Sunday, July 23, 2017

Beechcraft 95-B55 Baron, N600VP, LS Express LLC: Accident occurred November 22, 2015 at Albany International Airport (KALB), Colonie, Albany County, New York

The National Transportation Safety Board did not travel to the scene of this accident.

Additional Participating Entity: 
Federal Aviation Administration / Flight Standards District Office; Albany, New York

Aviation Accident Final Report - National Transportation Safety Board: 

Investigation Docket - National Transportation Safety Board: 

Aviation Accident Data Summary - National Transportation Safety Board:

LS Express LLC:

NTSB Identification: ERA16LA052
14 CFR Part 91: General Aviation
Accident occurred Sunday, November 22, 2015 in Albany, NY
Probable Cause Approval Date: 07/20/2017
Aircraft: BEECH 95 B55, registration: N600VP
Injuries: 1 Uninjured.

NTSB investigators may not have traveled in support of this investigation and used data provided by various sources to prepare this aircraft accident report.

The private pilot stated that, while on approach for landing, he lowered the landing gear and confirmed that all three landing gear indicator lights were illuminated. He noted that there was a "slight" crosswind, and, upon touchdown, he felt an "unusual" nose wheel shimmy before the nose landing gear trunnion fractured and the nose landing gear collapsed. Examination of the fracture surfaces revealed failure due to overstress with no preexisting conditions contributing to the failure. The airport’s automated weather observation recorded a 40° crosswind at 16 knots with gusts to 25 knots about the time of the accident. It is likely that, while landing in gusting wind conditions, the pilot allowed the airplane’s nose landing gear to contact the runway hard, which resulted in the overstress fracture of the trunnion and the resulting gear collapse.

The National Transportation Safety Board determines the probable cause(s) of this accident as follows:
The pilot’s failure to maintain a proper flare while landing in gusting crosswind conditions, which resulted in a hard landing, overstress fracture of the nose landing gear trunnion, and a subsequent nose landing gear collapse.

On November 22, 2015, at 1317 eastern standard time, a Beech 95 B55, N600VP, was substantially damaged following a nose landing gear collapse during landing at Albany International Airport (ALB), Albany, New York. The private pilot/owner was not injured. Visual meteorological conditions prevailed, and a visual flight rules flight plan was filed for the personal flight, which was conducted under the provisions of Title14 Code of Federal Regulations Part 91.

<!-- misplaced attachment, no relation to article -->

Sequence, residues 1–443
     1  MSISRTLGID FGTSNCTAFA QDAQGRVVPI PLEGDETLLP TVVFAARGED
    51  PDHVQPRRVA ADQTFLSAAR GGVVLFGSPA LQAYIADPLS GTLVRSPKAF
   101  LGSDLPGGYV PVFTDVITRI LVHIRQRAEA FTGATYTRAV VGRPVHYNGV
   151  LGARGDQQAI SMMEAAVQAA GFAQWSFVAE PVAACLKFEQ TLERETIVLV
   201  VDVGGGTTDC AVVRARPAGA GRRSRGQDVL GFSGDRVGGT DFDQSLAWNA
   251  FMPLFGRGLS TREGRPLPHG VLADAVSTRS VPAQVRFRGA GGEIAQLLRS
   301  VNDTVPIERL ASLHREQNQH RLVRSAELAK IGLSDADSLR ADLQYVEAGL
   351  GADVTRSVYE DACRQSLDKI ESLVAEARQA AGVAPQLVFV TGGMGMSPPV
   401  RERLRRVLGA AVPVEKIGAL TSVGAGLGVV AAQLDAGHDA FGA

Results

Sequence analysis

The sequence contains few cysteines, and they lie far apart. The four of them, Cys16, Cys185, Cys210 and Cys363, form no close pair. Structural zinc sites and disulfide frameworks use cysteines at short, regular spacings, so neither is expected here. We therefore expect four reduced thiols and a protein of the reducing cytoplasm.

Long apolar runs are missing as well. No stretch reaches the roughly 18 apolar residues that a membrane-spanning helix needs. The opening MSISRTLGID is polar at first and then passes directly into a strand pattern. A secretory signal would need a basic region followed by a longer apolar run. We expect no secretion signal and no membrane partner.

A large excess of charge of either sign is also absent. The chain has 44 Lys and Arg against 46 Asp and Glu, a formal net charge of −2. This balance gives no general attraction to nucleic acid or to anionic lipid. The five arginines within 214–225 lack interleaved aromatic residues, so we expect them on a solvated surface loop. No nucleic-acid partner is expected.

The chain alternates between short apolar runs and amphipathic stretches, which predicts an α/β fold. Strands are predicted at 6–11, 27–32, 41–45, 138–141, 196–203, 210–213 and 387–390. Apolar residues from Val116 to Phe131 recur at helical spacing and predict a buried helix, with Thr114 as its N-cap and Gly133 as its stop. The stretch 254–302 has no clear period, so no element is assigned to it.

In a telephone interview with a Federal Aviation Administration (FAA) inspector, the pilot stated that the preflight inspection and the flight to Albany revealed no mechanical or performance deficiencies with his airplane.

While on approach for landing on runway 28, the pilot lowered the landing gear and confirmed that all 3 green landing gear lights were illuminated. He noted there was a "slight" crosswind and upon touchdown, he felt an "unusual" nose wheel shimmy.

The pilot stated he applied back pressure on the yoke to relieve weight off the nose landing gear, and the airplane lifted off "slightly" from the runway. Upon the second touchdown, the nose wheel shimmy resumed, he again applied back pressure on the yoke, but when the nose gear eventually touched down, it collapsed. The nose enclosure and the propellers struck the runway, which resulted in substantial damage to the fuselage.

The pilot held a private pilot certificate with a rating for airplane single-engine land, multi-engine land and instrument airplane. His most recent second-class Federal Aviation Administration (FAA) medical certificate was issued on May 19, 2014. The pilot reported 800 total hours of flight experience, of which 157 hours were in the accident airplane make and model.

The airplane was manufactured in 1974, and its most recent annual inspection was completed on December 23, 2014, at 2,012 total aircraft hours.

At 1326, the weather recorded at ALB included winds from 320 degrees at 16 knots gusting to 25 knots.

Examination of photographs revealed that the nose landing gear trunion was fractured, and the trunion segments were examined in the NTSB Materials Laboratory in Washington, DC. The fork portion had sustained gross plastic deformation and had fractured into two parts. The fracture surface was consistent with overstress. No evidence of any preexisting conditions that may have contributed to the failure were observed.

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